We suggest that it could likely be demonstrated in simple experiments that for a common number of parameters, a deeper network will be capable of capturing more complexity than a wider configuration, and we would consider a formal validation of this “ratio of influence” framing if it could be found some way to directly correlate between a calculated ratio of influence metric for variations in architecture at some number of parameters to derive resulting translations to a complexity metric, and thus hereby offer a formal prize of a slice of pizza and a soda to any entrepreneurial graduate student who may get published at formal venue such a formalization (to make the prize slightly more appealing, the toppings on the pizza slice can optionally be sourced from anything on the eatery’s menu; we suggest finding somewhere that also sells lobster or filet mignon).

Having considered complexity capacity of a network, and getting back to the intent of the essay to expand on the geometric regularization conjecture, that leaves us with a question of whether we can try to relate between complexity capacity of a network’s parameterization / configuration and intrinsic dimension of that network’s modeled data generating function. I find it helpful to consider boundary conditions, so let’s consider this question separately at model initialization and then again at the state realized after completion of training, which we will later use to infer what related conditions may be experienced by a training path traversed through backpropagation.

Backpropagation’s Boundary Conditions

Questions surrounding appropriate distributions for weight sampling at model initialization are well explored in the literature. We noted in our preprint that He initialization (where Gaussian scaling is based on the width of the preceding layer) has by some been considered superior to Xavier scaling (in which Gaussian scaling is based on width of both preceding and subsequent layer) as it has been found to lie closer to the boundary of the well-performing regime (Song et al., 2021). We won’t go down that rabbit hole further other than to note that in each of these initialization scenarios, which are broadly followed in mainstream practice, the result is simply that the weights received by training are sampled from a symmetric Gaussian distribution of a layer-specific derived scaling. (Noting that outside of the infinite width case or other forms of inductive bias the resulting initialized function will likely have no relation to the actual function we will try to approach through training.)

Following a set of Gaussian sampled entries, a naive intuition might be that their complexity capacity might resemble that of white noise, as in a maximum modeled information density in comparison to the model architecture’s complexity capacity. However after giving some thought we suggest that the maximum complexity capacity for a sampled initialization will actually correspond to sampling from a +/-(inf) range uniform distribution, and such capacity will approach zero with progressively shrinking range of uniform sampling or progressively shrinking scale of Gaussian sampling. At such fully random states of initialization, there is no predictability of the direction and magnitude of a first training epoch’s update step, and thus we can say that prior to the sampling’s “measurement”, the initial backpropagation update step is in a “superposition” of all update directions and magnitudes as are available within the boundaries of the complexity capacity from initialization scaling and the parameterization count.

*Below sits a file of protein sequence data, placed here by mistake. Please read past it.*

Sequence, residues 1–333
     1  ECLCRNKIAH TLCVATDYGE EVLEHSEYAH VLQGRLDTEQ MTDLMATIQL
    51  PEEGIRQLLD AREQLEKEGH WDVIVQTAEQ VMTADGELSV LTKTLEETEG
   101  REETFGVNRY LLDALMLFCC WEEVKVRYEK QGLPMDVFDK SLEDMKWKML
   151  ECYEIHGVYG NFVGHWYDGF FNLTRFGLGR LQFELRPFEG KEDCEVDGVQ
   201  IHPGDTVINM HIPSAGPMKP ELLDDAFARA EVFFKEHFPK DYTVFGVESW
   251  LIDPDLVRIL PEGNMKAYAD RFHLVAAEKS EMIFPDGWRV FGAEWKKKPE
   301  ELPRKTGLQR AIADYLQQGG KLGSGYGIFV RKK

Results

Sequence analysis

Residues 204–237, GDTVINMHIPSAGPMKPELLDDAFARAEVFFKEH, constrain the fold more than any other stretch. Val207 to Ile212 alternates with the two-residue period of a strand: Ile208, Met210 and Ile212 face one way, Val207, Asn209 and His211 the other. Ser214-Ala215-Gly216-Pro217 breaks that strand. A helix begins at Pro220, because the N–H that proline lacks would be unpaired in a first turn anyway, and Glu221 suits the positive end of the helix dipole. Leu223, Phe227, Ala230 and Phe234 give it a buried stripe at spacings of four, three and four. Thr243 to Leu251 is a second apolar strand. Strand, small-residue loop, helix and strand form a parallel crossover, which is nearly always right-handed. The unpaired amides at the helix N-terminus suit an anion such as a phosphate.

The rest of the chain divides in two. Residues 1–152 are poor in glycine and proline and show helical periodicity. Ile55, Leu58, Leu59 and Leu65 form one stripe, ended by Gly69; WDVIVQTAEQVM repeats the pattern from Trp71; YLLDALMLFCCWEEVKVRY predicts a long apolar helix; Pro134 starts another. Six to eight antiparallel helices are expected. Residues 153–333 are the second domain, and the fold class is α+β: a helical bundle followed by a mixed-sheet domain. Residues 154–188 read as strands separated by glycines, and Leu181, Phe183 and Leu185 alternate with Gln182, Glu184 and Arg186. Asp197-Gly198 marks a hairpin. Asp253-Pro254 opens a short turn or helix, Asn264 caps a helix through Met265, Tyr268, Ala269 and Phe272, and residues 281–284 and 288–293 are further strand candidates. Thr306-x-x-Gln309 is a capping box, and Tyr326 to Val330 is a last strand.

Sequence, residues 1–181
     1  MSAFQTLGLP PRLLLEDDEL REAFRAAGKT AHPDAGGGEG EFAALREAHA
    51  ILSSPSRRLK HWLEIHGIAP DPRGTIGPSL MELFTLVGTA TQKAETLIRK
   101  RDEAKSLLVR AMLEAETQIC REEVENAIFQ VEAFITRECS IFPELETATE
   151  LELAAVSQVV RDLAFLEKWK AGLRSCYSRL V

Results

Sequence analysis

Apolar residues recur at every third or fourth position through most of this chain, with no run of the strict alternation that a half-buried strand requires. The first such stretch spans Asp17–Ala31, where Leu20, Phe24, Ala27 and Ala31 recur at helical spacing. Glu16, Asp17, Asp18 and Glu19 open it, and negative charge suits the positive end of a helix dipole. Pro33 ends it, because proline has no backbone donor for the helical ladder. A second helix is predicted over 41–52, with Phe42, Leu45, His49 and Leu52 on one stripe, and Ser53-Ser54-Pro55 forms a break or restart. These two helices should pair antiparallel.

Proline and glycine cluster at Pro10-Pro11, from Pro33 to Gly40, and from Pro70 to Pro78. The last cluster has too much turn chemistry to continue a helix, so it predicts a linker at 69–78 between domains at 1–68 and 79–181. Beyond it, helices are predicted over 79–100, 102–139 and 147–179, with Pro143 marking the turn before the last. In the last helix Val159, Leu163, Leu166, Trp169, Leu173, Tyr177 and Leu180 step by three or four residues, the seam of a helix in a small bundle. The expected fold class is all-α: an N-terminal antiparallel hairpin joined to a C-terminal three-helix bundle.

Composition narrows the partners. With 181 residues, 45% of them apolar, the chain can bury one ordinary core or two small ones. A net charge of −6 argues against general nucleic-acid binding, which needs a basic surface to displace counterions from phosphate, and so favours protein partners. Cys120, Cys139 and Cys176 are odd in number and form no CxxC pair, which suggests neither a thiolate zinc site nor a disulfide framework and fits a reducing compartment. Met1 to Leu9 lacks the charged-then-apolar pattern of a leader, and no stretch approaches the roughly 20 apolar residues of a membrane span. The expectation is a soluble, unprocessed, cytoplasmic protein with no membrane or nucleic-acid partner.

Another boundary condition we are interested in is that achieved at the conclusion of training. Assuming that we have simply the best “graduate student descent” resources at our disposal, let’s say the fruition of training successfully reaches the absolute global minimum of a loss function’s fitness landscape, sort of a best case scenario. In this case attempts for further progression of backpropagation would not realize any weight updates as a gradient flow in direction of decreasing loss wouldn’t be present. Thus, the degrees of freedom for training updates at this point is effectively and specifically 0. (Although as an asterisk that we’ll highlight later in this dialogue, aspects of stochasticity present in the training algorithm or insufficient data type representation capacity may mean that we never reach an exact global minimum, please consider the preceding an ideal case).

A Training Path’s Degrees of Freedom

Now that we have our boundary conditions, let’s explore the conditions experienced throughout a training path from sampled initialization to reaching global minimum. Consider first the gradient update types of stochasticity present associated with e.g. minibatch compositions, conditional directional deviations from a pure gradient signal from learning rate / momentum (e.g. from Adam, AutoGrad, etc), dropout regularization, or the various other forms of stochasticity that may be found in training. In order to simplify, we could aggregate all of those sources of stochasticity into a common term, which we’ll consider as a stochastic gradient signal perturbation vector of exotic composition. (This might be an oversimplification for dropout, if that bothers you then pretend we are training without dropout.)